What’s The #1 Thing To Do Before Searching For Colleges?

No Text Financial Aid & College SearchWhen my now college freshman daughter began her college search three years ago, compiling her list felt like hunting for a needle in a haystack. She knew she wanted a liberal arts college and she knew she wanted to go out of state. I had no idea how to help her, and frankly, I was too lazy to research all her criteria with her. It seemed to me it should be her project.


At the same time, I worried how we would afford it, so while she researched pricey colleges, I started reading books on college finance. The information is out there if you hunt it down and read it, but many families don’t have time and don’t know what they don’t know until it’s too late. Suddenly they’re staring at a freakishly high college tuition bill because their child applied where he wanted to go, and nobody had a clue about cost. Thankfully, my research paid off, and my daughter is attending her college of choice and it’s not miring us in debt. But I spent a lot of time reading about college finance. Most people don’t want to spend as much time as I did.


That’s why Road Map to Cutting College Costs is so valuable.

The brutal reality is if the college isn’t a financial fit, it’s no fit at all.

It’s important to have an idea of what a college will cost before your student applies. Created by Debbie Schwartz (road2college.com), the class includes 3 weekly lessons of detailed videos and PowerPoint slideshows to educate you about college cost. With one live webinar plus class materials every week, they teach participants about financial aid terminology, tools you can use to ballpark the cost of a college, as well as how to look for institutional aid, a key secret to affordability. Institutional aid is the need-based aid or merit scholarships offered by the colleges themselves, not the federal financial aid we commonly think of (and which many families don’t qualify for). You’ll learn what kinds of colleges offer this financial aid, and how to use data to find it. It’s the meat of the course.


To get things started, Michelle offers a detailed video presentation of your “expected family contribution” and why it’s so important to know before you start the college search, as well as what “net price calculators” are and how to use them. These two ideas are the bedrock of understanding how to find an affordable college (each family’s finances dictate different kinds of colleges for affordability).


In subsequent lessons, you learn about the complex financial aid landscape of funding (federal, state, institutional, outside scholarships). I particularly appreciated the nuanced explanations of net price and the factors affecting it. If you don’t know what net price means, this class is for you.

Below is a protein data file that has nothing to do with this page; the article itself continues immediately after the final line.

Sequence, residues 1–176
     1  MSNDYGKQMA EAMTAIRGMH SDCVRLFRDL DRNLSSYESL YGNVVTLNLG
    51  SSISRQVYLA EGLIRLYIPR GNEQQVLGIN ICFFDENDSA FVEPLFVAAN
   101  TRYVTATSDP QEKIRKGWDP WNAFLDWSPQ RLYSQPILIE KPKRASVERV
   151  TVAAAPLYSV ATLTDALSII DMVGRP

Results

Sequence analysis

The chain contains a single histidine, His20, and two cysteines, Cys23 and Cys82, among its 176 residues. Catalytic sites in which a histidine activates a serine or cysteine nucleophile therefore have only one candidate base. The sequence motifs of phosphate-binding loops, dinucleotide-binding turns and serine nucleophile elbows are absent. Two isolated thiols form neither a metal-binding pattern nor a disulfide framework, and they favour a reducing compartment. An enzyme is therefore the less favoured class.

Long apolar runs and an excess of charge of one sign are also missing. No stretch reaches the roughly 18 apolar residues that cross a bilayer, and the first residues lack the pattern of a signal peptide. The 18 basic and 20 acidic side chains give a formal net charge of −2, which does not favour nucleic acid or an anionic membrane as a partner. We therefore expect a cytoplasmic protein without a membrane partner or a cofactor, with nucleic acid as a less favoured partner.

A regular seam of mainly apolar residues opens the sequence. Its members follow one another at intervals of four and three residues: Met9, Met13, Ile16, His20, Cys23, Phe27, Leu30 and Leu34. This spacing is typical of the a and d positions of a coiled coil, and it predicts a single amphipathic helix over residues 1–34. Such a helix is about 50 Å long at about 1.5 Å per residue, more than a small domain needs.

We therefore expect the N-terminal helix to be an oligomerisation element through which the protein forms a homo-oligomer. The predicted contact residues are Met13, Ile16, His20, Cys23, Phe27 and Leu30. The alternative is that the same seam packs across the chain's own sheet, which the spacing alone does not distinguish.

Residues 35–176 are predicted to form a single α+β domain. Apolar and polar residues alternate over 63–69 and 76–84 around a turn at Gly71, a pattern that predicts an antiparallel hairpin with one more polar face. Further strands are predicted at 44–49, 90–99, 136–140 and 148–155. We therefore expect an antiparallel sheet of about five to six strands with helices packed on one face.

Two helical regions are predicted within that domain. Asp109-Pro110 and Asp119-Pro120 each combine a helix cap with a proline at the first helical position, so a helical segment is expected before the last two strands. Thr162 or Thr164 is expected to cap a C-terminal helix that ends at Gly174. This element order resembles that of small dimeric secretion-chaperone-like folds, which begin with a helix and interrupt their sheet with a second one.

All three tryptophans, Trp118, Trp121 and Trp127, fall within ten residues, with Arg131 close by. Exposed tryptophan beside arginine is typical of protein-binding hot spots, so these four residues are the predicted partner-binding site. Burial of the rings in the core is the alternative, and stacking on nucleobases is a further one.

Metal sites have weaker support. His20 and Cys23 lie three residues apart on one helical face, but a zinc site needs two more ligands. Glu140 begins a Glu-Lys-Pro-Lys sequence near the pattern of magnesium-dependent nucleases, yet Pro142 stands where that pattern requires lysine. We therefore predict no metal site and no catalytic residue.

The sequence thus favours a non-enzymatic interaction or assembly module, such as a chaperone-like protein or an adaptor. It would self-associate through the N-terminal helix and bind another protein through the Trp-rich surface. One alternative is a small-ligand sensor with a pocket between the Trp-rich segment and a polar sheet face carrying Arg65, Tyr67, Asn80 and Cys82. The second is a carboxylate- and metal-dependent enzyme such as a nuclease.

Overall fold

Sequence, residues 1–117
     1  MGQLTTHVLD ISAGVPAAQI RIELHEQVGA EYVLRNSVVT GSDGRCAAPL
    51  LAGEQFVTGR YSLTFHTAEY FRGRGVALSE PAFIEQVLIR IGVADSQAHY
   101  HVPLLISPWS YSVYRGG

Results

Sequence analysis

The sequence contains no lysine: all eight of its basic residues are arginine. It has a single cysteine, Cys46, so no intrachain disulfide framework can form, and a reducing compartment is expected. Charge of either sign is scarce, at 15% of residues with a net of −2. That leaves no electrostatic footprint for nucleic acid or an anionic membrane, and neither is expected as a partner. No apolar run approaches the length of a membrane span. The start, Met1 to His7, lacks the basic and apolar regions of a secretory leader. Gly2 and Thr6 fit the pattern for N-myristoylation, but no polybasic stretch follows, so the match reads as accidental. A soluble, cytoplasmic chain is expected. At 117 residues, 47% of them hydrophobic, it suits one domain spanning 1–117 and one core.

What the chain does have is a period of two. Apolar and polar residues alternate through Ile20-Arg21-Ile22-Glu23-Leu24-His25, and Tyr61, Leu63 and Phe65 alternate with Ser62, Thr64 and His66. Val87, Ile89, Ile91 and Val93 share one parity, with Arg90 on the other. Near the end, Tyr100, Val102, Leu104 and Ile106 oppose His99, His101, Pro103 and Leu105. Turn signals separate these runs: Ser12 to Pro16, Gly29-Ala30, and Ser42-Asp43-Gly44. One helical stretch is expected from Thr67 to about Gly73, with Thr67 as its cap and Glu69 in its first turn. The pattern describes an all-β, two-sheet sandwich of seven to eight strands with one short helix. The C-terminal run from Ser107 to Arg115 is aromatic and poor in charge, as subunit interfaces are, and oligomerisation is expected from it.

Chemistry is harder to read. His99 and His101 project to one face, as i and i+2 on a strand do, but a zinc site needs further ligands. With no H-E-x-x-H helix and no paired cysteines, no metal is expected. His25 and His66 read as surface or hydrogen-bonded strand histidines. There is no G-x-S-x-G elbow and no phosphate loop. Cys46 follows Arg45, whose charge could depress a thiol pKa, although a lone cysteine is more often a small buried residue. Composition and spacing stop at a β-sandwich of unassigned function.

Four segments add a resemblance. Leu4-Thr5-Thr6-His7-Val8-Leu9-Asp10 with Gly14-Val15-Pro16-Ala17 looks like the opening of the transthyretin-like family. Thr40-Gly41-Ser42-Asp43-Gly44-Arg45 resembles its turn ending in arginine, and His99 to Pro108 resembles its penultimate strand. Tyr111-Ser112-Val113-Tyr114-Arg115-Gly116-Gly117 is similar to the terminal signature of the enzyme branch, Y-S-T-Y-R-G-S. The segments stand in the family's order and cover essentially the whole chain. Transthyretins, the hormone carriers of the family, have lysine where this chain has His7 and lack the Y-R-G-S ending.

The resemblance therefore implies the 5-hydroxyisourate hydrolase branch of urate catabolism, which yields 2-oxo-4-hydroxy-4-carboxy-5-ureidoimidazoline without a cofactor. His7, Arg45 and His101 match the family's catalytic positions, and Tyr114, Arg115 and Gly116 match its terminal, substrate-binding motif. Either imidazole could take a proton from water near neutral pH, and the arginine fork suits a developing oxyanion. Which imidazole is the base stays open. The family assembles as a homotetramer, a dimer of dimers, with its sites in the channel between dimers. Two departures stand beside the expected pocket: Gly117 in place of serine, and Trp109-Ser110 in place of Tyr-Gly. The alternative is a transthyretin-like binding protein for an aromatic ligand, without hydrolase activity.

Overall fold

Using Data For Your College Search

Even if you understand college costs well – and I do – the college search itself is still daunting. So I particularly love that Debbies offer a spreadsheet of 1500 4-year institutions (with at least 500 full-time undergraduates) as part of the class resources. You can manipulate the data for all kinds of searches to find lists of colleges that fit your criteria. It’s a fantastic way to start an informed search.


In the webinars, you’ll learn how to use the spreadsheet. If you don’t take the class, you can still purchase the list for $42, but taking the class gives you context for understanding the spreadsheet and how to maximize the data.


Other college elements the class covers:

  • Common FAFSA mistakes.
  • What “gapping” and “frontloading” mean.
  • The importance of graduation rate and how it affects your overall cost.
  • Statistics on taking the community college route.
  • Why hunting private scholarships is time consuming and mostly useless.
  • The different kinds of federal loans as well as the perils of private loans.
  • You’ll also receive a variety of resource lists, including

If you’re not familiar at all with the college search process, you may feel overwhelmed by terminology in the class. Once you start getting comfortable with the material, it will feel easier.


So the most important piece of advice I can give is before searching for colleges, make sure you understand the financial aid process, terminology, and how colleges give out need and merit based aid. And take it from me, you need to understand the concepts so you’re not blindsided at the end of your child’s senior year. I was still in shock when my daughter’s financial aid letters arrived because even though we had done our homework, college is just plain expensive and there’s no getting around it. 


Find out more about our RoadMap To Cutting College Costs online class.



Frequently Asked Financial Aid Questions



Join our Facebook group: Paying For College 101. This group is a forum for families to ask questions related to how they can pay for college. Topics can range from best ways to save for college, the financial aid process, filling out FAFSA, finding affordable schools, EFC, strategies to minimize income, CSS Profile, merit vs. need based aid, student loans, and on and on.

No Question Is Too Silly!!! Ask other members for help and in return share your knowledge and experience.



Joanna Nesbit is a freelance writer with a special interest in college finance and the mother of a college freshman and high school sophomore. She plans to use Roadmap’s spreadsheet to help her son in his college search when he gets started. Learn more about her at www.joannanesbit.com and follow her on Twitter at @joannanesbit.



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